3.)  Avoid all of the following. 

According to the National Rosacea Society, each of the following cause rosacea, in the following percentages of patients with rosacea:

  • Sun (61%)
  • Emotional stress (60%)
  • Hot weather (53%)
  • Alcohol (45%)
  • Spicy foods (43%)
  • Strenuous exercise (39%)
  • Hot baths (37%)
  • Cold weather (36%)
  • Hot drinks (36%)
  • Skin care products (24%)

4.)  Use matte skin powders.

Iridescent or shiny powders contain mica, which has rough-edged particles that can cause irritations for those with rosacea, according to Dr. David E. Bank, M.D., Director of the Center for Dermatology, Cosmetic and Laser Surgery in Mount Kisco, NY.  Instead, Dr. Bank recommends using a matte finish for powder and foundation.  We like Make Up For Ever Mat+ Foundation ($25.00, Amazon.com), which gives a great polish.  I mean, lack of polish.  I mean, lack of shine…

5.)  If all else fails, use the right green-toned concealer. 

For under $10, Physicians Formula Green/Natural Duo is pretty spectacular.

On the color wheel, red is right across from green, meaning that your best chance at achieving neutrality is to use a green-toned concealer on blemishes, followed by a superb flesh-colored concealer.   I like Physicians Formula Green/Neutral Duo ($6.41, Amazon.com) followed by Laura Mercier Perfect Camouflage ($22.00, Amazon.com).  While the Laura Mercier product is not green, it is amongst the best concealers I have ever used, and mica-free (see #4, above).

Bottom Line

Rosacea can be difficult to live with, but it is not the end of the world.  With oral and topical antibiotics, sulfur, laser treatments, oil-free/anti-inflammatory skin care products, and avoidance of the certain environmental stressors and products, you can simultaneously have rosacea and great skin – promise!

What works for your rosacea?  Tell us!


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  • an

    Can retinol be used for rosacea?

  • Alice

    Thanks for the article! I am always wary about new products and how they will react to my skin but will have to try a sulfur product. I tried Aquanil cleanser a few months ago and love it. Very gentle. And it comes as a liquid which I like better than bars.

  • Lucas

    Great post!
    I’ve never tried sulfur products with fear they would be too harsh. Is it okay for combination skin types to use it? Won’t the dry parts of my face get irritated?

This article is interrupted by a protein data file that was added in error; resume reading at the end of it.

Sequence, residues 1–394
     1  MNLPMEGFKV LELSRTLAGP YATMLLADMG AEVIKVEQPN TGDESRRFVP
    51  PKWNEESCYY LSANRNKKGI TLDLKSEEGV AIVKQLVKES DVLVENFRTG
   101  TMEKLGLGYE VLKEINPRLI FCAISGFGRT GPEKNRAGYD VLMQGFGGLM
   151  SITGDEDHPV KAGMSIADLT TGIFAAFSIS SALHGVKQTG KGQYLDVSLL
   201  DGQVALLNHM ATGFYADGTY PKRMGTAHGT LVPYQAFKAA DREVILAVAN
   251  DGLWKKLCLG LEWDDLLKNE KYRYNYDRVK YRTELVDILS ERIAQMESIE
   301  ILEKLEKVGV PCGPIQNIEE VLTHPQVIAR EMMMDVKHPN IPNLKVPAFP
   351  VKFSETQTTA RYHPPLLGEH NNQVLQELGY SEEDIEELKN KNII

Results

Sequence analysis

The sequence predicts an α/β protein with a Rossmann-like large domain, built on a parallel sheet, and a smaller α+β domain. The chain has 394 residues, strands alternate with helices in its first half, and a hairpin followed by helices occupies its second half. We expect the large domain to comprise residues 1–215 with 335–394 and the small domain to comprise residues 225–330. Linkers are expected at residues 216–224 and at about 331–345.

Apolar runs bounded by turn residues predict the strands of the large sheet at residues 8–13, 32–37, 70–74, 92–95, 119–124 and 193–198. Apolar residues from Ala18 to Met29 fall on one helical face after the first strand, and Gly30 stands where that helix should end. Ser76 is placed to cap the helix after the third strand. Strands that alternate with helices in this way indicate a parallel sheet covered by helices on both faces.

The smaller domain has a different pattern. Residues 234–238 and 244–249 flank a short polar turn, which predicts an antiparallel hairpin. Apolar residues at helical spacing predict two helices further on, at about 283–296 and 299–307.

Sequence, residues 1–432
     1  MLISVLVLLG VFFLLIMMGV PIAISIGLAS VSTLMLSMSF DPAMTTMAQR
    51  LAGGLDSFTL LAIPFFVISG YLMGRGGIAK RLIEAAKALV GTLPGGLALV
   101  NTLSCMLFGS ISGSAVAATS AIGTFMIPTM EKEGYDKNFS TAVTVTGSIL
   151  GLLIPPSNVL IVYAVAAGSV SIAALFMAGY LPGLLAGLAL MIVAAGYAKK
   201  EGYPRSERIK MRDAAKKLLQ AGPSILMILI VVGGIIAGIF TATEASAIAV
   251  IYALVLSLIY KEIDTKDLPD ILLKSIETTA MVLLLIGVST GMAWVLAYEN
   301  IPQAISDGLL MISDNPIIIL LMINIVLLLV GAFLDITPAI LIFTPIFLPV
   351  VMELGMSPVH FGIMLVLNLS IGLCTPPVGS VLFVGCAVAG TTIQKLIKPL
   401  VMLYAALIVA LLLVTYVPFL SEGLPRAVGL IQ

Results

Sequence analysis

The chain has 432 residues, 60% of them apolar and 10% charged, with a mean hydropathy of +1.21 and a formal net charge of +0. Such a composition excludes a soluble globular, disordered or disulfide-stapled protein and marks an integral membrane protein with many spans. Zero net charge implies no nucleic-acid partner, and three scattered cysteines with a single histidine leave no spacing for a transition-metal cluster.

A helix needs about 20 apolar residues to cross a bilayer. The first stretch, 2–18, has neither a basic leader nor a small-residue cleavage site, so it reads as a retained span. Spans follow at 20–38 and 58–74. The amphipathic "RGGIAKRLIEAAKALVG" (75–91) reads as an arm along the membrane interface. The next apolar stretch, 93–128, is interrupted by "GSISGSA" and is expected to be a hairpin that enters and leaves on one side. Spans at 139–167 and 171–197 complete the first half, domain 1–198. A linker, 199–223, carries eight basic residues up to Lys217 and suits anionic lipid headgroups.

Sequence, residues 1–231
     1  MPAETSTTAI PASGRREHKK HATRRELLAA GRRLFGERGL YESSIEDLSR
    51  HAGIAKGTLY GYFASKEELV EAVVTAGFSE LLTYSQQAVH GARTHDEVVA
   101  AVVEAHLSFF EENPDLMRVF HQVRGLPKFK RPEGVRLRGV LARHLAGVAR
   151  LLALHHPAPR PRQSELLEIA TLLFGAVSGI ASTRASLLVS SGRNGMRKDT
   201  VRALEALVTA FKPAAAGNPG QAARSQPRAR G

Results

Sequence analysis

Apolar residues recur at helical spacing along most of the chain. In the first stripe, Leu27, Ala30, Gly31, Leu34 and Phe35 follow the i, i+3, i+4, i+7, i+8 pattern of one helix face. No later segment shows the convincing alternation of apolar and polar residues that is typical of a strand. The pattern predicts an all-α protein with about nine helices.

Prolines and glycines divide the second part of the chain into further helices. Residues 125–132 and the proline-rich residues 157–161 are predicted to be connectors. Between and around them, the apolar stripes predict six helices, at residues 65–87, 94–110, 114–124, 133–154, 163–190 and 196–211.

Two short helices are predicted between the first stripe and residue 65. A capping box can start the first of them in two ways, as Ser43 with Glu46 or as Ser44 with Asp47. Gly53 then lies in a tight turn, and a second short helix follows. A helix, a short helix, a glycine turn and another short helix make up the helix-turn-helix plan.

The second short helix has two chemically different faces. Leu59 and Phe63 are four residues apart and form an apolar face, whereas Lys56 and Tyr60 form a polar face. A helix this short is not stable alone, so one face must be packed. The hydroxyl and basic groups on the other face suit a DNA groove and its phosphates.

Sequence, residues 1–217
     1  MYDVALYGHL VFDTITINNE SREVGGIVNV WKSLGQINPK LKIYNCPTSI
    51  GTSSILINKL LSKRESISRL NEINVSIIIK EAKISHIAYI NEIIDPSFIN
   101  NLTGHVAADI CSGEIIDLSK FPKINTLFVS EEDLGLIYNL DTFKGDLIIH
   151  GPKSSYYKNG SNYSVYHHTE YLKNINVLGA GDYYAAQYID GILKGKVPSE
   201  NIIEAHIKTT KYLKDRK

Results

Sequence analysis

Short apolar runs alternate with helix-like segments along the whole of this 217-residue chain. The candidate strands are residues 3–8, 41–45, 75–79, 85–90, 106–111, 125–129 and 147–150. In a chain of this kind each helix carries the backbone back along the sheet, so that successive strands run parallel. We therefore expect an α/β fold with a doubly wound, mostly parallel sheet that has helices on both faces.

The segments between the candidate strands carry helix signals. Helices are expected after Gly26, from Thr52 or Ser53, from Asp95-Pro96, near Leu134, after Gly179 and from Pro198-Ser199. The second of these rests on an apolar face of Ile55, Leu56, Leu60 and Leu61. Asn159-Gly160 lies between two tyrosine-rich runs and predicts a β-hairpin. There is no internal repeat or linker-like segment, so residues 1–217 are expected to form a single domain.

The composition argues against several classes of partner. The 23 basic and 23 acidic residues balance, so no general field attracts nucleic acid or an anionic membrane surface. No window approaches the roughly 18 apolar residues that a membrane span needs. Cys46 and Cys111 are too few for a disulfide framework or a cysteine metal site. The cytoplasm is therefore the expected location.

And if I’m having a flare up in the middle of the day, should I just put the sulfur product over sunscreen or do I have to wash my face first?
    Maybe I will give it a try.

    Gentle cleansing was an important part, skin care wise, of getting my rosacea under control as well as oral antibiotics for the first two months and topical metronidazol, which I still use every night, and sunscreen in the morning.
    Diet and lifestyle changes also made a difference, but took a little longer to show results.
    Anti-inflammatory products are helpful, like green tea extract, chamomile extract and antioxidants in general. Niacinamide works for me too. I apply the CeraVe PM lotion at night and it helps control the redness. Also, careful use of tretinoin has helped my skin greatly; it was tricky at first, but over time it made my skin more resilient.
    Recently I started using a zinc based sunscreen, which I hope will be a positive addition.

  • Leah

    Have you ever tried glominerals redness reducing powder? I’ve heard some interesting things about it for rosacea. Not as a long term fix but to help cover up flare ups.

  • Sophie

    I found that CeraVe AM w/ SPF 30 moisturizer works really well at calming my flare ups during the day. They also make a PM version without the SPF, but I don’t like that as much. Another great thing about this product is it’s cruelty-free. I think the Vanicream is, also. ^^

  • OMG! Thank you so much for sharing this! It is a wealth of information!